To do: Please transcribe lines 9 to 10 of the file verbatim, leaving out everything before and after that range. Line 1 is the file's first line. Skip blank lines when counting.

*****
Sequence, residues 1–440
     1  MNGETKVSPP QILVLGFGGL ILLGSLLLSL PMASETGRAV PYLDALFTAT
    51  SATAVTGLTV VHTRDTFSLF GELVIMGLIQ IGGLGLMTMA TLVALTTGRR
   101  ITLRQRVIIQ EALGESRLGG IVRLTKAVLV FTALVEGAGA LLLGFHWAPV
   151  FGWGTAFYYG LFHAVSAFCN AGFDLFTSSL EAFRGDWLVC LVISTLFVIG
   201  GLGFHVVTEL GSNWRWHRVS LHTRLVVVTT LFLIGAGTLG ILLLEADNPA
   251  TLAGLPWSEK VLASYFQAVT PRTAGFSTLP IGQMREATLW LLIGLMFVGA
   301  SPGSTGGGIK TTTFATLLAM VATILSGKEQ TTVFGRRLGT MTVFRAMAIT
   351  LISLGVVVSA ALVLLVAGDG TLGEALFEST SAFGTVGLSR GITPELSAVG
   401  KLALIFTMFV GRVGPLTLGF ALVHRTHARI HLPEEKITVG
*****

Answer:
   351  LISLGVVVSA ALVLLVAGDG TLGEALFEST SAFGTVGLSR GITPELSAVG
   401  KLALIFTMFV GRVGPLTLGF ALVHRTHARI HLPEEKITVG